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Beit Midrash Series P'ninat Mishpat

Chapter 430

Too Late to Fix a Wig?

The plaintiff (=pl) bought a wig from the defendant (=def) at the price of 10,500 shekels, with several checks dated for different times starting with May 2015. Def delivered the wig in July, soon before pl traveled abroad for several weeks. Upon returning, pl gave back the wig to def, due to a defect that both agree makes it unusable. Def promised to have the wig producer fix it before the chagim of Tishrei, and while def did not return the uncashed checks, she said she would not cash anymore of them. When the chagim passed and the wig was not yet fixed, pl demanded her money back (def had actually cashed almost all the checks). Def refused, claiming that the defect was done by the wig manufacturer, whom she already paid. Since they refuse to return the money to def but only to repair it, pl must keep to her agreement with def and wait for the fixed wig.
Various RabbisTishrei 28 5778
55
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Based on ruling 76021 of the Eretz Hemdah-Gazit Rabbinical Courts
P'ninat Mishpat (575)
Various Rabbis
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430 - Too Late to Fix a Wig?
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Case: The plaintiff (=pl) bought a wig from the defendant (=def) at the price of 10,500 shekels, with several checks dated for different times starting with May 2015. Def delivered the wig in July, soon before pl traveled abroad for several weeks. Upon returning, pl gave back the wig to def, due to a defect that both agree makes it unusable. Def promised to have the wig producer fix it before the chagim of Tishrei, and while def did not return the uncashed checks, she said she would not cash anymore of them. When the chagim passed and the wig was not yet fixed, pl demanded her money back (def had actually cashed almost all the checks). Def refused, claiming that the defect was done by the wig manufacturer, whom she already paid. Since they refuse to return the money to def but only to repair it, pl must keep to her agreement with def and wait for the fixed wig.

Ruling: Def admits that she never presented herself as a representative of the wig producer and in fact also sells wigs from other companies. Therefore, she is the one who sold the defective wig, irrespective of whose fault it was that there was a blemish.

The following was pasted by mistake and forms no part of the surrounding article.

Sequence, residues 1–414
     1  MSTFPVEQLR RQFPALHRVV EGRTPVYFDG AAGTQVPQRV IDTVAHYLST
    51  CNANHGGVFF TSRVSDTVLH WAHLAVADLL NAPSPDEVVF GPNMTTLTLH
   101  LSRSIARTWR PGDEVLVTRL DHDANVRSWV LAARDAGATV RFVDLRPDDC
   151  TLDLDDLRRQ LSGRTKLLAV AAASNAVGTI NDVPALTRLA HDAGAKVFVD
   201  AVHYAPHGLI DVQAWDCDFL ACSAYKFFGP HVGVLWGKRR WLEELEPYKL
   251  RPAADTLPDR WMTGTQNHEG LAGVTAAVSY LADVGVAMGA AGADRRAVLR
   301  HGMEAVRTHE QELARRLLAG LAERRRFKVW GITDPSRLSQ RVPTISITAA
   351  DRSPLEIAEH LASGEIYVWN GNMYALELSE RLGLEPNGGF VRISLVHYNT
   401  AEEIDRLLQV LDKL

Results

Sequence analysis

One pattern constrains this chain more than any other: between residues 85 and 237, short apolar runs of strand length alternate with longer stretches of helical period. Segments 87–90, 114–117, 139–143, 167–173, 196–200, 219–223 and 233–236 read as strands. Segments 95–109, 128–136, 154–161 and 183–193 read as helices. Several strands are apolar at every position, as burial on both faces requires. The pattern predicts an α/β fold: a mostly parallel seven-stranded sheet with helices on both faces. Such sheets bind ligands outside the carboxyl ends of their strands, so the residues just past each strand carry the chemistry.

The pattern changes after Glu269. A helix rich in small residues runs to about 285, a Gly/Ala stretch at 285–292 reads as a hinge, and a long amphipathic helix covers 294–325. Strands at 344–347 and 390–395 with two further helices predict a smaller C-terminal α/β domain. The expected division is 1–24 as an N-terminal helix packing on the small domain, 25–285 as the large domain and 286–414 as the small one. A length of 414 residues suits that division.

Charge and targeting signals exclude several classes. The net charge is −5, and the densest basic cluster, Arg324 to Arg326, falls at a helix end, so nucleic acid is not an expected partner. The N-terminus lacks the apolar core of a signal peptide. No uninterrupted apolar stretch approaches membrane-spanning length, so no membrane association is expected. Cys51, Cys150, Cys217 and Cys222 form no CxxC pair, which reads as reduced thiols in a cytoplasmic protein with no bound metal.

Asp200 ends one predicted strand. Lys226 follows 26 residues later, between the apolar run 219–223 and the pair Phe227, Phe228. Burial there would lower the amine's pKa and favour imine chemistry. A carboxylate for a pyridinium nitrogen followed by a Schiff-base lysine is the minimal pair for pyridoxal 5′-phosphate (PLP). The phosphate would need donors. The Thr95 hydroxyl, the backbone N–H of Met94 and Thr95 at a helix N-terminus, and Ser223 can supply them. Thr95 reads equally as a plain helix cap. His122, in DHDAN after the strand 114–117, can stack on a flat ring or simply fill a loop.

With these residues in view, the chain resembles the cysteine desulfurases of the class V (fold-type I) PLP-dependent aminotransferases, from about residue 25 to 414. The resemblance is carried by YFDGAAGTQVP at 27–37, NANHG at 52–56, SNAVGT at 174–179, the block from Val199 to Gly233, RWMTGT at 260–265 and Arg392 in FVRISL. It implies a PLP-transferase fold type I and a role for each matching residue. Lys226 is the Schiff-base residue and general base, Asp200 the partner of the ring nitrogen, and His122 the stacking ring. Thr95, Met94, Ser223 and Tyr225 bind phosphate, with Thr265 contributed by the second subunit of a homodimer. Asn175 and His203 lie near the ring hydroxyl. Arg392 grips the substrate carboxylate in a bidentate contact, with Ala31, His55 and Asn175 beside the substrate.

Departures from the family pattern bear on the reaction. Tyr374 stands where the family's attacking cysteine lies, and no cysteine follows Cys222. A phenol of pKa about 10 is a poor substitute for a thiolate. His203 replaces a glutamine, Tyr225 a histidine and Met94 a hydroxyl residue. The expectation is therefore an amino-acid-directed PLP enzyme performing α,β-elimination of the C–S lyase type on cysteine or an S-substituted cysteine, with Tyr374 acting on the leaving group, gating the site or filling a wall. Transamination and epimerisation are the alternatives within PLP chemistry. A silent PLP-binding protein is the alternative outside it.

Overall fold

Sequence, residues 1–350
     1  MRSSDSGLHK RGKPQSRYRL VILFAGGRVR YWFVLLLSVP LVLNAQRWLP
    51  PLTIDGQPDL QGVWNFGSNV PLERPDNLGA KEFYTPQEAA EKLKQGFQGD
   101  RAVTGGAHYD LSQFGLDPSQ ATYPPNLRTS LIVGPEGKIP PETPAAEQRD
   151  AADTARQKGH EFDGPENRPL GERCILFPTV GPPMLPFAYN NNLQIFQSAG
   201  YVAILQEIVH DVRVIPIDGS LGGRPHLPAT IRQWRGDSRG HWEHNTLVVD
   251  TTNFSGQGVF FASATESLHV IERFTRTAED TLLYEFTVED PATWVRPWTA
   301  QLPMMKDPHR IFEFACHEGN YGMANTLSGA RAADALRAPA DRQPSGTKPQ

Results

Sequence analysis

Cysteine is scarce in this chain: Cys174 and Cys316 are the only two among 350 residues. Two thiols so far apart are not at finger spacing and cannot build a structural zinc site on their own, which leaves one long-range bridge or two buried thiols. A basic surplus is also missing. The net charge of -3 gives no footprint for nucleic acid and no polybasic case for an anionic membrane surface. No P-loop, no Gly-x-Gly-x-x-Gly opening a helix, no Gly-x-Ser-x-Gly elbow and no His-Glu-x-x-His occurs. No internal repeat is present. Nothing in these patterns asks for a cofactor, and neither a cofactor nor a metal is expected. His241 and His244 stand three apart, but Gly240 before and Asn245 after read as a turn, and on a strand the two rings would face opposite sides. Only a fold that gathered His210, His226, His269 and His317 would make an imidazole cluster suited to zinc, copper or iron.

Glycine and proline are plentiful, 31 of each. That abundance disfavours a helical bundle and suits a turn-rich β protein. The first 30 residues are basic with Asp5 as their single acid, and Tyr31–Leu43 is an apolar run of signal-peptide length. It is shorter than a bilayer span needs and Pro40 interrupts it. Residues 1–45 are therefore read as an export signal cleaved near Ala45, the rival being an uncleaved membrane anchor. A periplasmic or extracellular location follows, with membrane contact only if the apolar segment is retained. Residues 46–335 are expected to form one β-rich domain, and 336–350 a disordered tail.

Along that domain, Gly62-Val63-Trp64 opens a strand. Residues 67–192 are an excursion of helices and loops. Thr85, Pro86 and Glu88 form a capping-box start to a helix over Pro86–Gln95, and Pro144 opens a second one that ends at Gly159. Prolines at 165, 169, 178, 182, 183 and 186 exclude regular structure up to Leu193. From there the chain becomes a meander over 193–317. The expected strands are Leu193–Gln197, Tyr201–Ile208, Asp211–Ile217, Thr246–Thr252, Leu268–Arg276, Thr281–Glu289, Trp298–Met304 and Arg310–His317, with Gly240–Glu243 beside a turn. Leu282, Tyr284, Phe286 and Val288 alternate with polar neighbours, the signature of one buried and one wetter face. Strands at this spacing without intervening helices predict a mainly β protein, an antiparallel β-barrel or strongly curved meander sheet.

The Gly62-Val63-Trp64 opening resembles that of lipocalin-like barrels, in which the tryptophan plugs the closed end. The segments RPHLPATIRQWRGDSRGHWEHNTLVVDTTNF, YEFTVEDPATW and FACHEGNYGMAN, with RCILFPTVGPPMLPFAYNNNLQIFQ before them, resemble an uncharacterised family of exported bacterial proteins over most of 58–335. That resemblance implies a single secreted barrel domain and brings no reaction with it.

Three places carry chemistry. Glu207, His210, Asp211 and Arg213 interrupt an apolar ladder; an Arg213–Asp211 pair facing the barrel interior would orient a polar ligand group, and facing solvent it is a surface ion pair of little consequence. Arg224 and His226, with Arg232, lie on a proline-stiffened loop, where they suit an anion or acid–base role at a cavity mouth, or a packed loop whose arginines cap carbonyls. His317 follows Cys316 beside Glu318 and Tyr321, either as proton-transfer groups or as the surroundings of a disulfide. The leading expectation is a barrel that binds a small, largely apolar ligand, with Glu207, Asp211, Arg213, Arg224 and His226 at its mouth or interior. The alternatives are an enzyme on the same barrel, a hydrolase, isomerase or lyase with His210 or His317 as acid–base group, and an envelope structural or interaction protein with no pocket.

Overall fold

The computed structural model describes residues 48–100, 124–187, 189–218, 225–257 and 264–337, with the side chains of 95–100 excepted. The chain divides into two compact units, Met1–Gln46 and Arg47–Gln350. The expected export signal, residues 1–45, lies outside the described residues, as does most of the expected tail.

The question is whether the blemish justifies nullifying the sale, or whether the seller has the right to fix it instead. The Shulchan Aruch (Choshen Mishpat 332:3,4,7) rules that a buyer can demand a return of the sale even after a long time if it turned out that it was seriously blemished from the outset and the buyer just found out. The seller cannot force him to keep the object according to its value as a blemished item. The Rama (ad loc. 5) does say that at times the seller is allowed to fix the blemish and uphold the sale. However, that is only when the blemish is either external or not very significant, and neither of those is the case here (see also Netivot Hamishpat ad loc.).
There are times when the buyer waives his rights to nullify the sale, especially when the buyer continued using the object after finding out about the flaw (Shulchan Aruch, ibid. 3). However, this is only when this is an indication that he actually waived his right. However, here, pl expressed lack of willingness to keep the object as is and just agreed for def to try to fix it; that is not considered mechilla. Even if one wanted to claim that she agreed to have it fixed, that was on two conditions that were discussed: that it would be fixed before the chagim; that pl would not cash any more checks before it was fixed. Since def did not keep these conditions, pl no longer has to allow her the opportunity to fix the wig.
Therefore, def has to return the entire amount that was paid for the wig, and def of course can negotiate with the producer. Although there is some logic to obligate def to pay the entire beit din fee, since it was evident to beit din that def believed she was correct in her claims, she had a right to hear what beit din had to say. Therefore, the two sides will share the costs.
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